Should an Illinois DUI Suspect Consent to a Chemical Test?

The general advice I give is to refuse to take the test, unless you have had no more than two beers or glasses of wine over two hours or more, or one mixed drink.

As a DUI defense attorney, the most common question I get asked is whether a DUI suspect should consent to chemical testing. If only there was a way of knowing what your blood alcohol level (“BAC”) would be before taking the test.

But there isn’t. All you can do is make an educated guess.

What did you drink?

My general advice is to refuse to take the test, unless you have had no more than two beers or glasses of wine over two hours or more, or one mixed drink (not counting “kitchen sink” drinks like a Long Island Ice Tea, which will put you over the limit halfway through the first drink). According to the Illinois Secretary of State, a man of average weight would need to consume four beers within an hour to get to a blood alcohol content (BAC) of 0.08, but I am dubious of that figure. Three beers or more and I would not recommend taking a test for at least one hour for each drink has passed.

The .08 BAC .

If you take a test which shows a result over 0.08, your case will be much harder to defend than had you refused. And prosecutors will be less likely to cut you a break, since a number above .08 BAC gives them the upper hand. Also, keep in mind that you can still be prosecuted and convicted for a DUI with a BAC under 0.08. Under the law in Illinois, you can be found guilty of a DUI if you have consumed any amount of alcohol that renders you incapable of driving safely. That amount can be under 0.08. Once you get to 0.08, there is a presumption that you were intoxicated.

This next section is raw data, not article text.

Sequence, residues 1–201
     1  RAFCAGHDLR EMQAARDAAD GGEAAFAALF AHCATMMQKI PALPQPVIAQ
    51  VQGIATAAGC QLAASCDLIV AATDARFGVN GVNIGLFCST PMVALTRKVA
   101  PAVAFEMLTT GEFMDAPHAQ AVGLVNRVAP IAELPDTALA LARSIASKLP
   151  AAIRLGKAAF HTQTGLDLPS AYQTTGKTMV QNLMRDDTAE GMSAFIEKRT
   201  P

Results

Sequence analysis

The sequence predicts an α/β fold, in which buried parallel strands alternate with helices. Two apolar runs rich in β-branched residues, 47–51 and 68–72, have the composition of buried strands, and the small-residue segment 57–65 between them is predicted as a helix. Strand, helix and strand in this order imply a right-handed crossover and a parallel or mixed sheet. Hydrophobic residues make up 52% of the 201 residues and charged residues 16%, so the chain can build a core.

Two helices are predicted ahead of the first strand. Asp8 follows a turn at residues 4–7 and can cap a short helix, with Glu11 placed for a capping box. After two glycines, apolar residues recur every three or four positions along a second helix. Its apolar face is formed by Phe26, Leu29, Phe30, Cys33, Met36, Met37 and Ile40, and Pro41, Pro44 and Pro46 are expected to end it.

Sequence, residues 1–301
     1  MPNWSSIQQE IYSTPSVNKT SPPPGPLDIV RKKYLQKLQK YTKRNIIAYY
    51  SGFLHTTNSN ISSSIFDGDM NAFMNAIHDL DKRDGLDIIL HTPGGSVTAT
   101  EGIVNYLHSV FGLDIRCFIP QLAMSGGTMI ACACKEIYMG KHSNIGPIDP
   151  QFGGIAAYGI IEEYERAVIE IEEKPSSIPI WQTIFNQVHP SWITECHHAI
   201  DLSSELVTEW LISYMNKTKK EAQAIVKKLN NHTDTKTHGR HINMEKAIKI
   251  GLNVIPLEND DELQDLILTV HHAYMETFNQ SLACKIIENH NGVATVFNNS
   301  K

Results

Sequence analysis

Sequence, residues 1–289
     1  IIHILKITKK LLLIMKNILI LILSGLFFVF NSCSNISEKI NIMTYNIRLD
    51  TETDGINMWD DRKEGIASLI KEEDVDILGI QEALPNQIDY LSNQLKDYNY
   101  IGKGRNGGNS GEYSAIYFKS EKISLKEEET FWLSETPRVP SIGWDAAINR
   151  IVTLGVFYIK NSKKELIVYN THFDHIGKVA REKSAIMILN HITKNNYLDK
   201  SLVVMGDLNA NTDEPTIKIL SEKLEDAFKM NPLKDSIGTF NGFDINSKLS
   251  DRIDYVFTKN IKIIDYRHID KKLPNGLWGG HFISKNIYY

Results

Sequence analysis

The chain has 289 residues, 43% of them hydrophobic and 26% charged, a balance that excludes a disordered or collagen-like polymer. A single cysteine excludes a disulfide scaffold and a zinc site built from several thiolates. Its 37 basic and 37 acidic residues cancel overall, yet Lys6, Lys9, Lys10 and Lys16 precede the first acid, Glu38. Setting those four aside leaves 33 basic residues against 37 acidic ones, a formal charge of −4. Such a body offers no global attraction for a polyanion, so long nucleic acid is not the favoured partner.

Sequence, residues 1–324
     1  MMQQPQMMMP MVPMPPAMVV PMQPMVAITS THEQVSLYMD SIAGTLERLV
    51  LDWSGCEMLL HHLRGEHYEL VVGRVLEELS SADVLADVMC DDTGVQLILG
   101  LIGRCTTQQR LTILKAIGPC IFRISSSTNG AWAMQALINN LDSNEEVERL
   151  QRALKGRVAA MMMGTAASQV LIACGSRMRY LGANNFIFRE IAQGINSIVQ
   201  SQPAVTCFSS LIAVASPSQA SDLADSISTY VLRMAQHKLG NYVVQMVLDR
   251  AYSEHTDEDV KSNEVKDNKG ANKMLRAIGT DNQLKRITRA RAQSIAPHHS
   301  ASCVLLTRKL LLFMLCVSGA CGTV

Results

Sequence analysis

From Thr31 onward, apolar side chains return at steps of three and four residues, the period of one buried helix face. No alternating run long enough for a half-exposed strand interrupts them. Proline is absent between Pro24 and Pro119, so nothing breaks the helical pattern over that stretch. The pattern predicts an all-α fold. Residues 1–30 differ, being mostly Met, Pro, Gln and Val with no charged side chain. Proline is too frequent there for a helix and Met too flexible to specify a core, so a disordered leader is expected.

Consequences of Refusal

Yes, there are consequences for refusing to take the test. If this is your first DUI arrest within the past five years, you will receive a one year summary suspension of your license. If you have had a DUI or summary suspension within the past five years, a refusal will lead to a three-year summary suspension. However, these suspensions can be challenged in court, and if you are first time offender, you can get a Monitored Device Driving Permit (“MDDP”) from the Secretary of State, which will allow you to drive 24/7 during your suspension so long as you have a Breath Alcohol Ignition Interlock Device (“BAIID) installed on your vehicle. In addition to the suspension, the prosecutor can use your refusal to submit to chemical testing as evidence of your consciousness of guilt. Most DUI attorneys would agree with me that a refusal and its consequences are preferable over a bad BAC result.

Would you rather risk an extra six months of driving with a BAIID in return for a not guilty on a DUI? Considering that the cost of a DUI fine, plus court ordered alcohol treatment, court monitoring and other expenses might run you $4,000 in the short run, and a lot more in lost job opportunities in the future, I think it is a no-brainer. Do not blow unless you are very confident that you will be well under 0.08.

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